Victoria Park in London has its spots where, if only for a brief moment, you see no buildings, hear no cars and you can allow a gentle sense of escapism to creep into you. As 30,000 people descended on the east London park, the trick of Field Day is to make everybody feel miles away from the city, whilst being at the heart of the vibrant music culture it attracts. Field Day has found continued success in producing a line up which attracts people who know good music, rewards them with undiscovered treats and keeps them coming back by having a fresh, yet unpredictable mix of high calibre acts every year.
The day began with the synthesiser sorcerer Rizan Sa’id creating frantic dancing to the infectious dabke before Omar Souleyman graced the stage bringing an influence which appeared calm, yet it initiated swells of frenetic appreciation of the Syrian from the packed tent. At times I’m sure the vibrations felt on the floor were only half provided by the speakers, the rest coming from dancing feet as heart rates increased and shapes thrown became slightly overambitious.
Jamie xx drew a huge audience in the Bugged Out! tent as his technical prowess stitched together songs which really shouldn’t have worked. Throughout the set ran a continuing thread with an emphasis on listening to the understated intricacies of the tracks such as “Sleep Sound”, but still acknowledging the fact that in that moment, crowds will be vocal in their appreciation. The seeds of the songs had been sown in the crowds’ subconscious long before they found themselves belting out the lyrics to “I’ll Take Care Of You” or “You’ve Got The Love”.
From the distance, a pulsating, magnetic beat began drawing me towards it. The hypnotic repetitions and ever so subtle variations and nuances produced an allure which kept me taking great strides towards it. Time appeared to distort as giant orbs bouncing from the crowd into the sky travelled slowly and elegantly. A lone shuffling onstage figure offered contrast to the gliding spheres as Jon Hopkins’ continuously fine tuned his mesmerising techno to show off all the rich textures and delicate layers hidden behind the vivid beat. Despite the daylight detracting from the famous visuals, by way of an apology the sun covered the joyous crowd in a golden glow which gave a nod to the organic samples the distorted tracks found their origin in.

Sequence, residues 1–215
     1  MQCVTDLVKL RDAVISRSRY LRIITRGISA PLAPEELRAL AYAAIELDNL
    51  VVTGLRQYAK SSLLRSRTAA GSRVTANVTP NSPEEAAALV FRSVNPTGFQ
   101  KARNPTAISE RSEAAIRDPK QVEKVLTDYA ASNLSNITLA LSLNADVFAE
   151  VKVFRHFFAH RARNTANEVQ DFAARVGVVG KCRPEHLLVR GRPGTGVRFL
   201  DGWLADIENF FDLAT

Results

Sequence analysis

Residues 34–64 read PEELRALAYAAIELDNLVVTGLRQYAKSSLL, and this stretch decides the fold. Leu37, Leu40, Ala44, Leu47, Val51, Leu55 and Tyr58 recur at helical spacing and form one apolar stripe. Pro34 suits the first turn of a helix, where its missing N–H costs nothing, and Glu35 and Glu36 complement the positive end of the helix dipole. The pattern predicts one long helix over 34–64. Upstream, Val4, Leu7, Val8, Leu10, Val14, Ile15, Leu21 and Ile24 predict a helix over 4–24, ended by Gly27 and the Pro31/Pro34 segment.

To close the day, Metronomy emerged in sharp white suits to begin a dazzling show full of glitzy hits, such as “Love Letters” and “The Look”, brooding undercurrents of “She Wants” and the disco ball illuminated the thousands during the pretty “Everything Goes My Way”. Closing on “You Could Easily Have Me” the driving, scuzzy riff topped with a shaky tiptoeing synth line from ‘Pip Paine’ showed the band being keenly proud of their past, a past which involved them humbly playing football in the very park they now were headlining their first ever festival in. A past which seems simultaneously distant, and yet inextricably intimately linked to the present, a contrast fitting of Field Day.
Words by Sam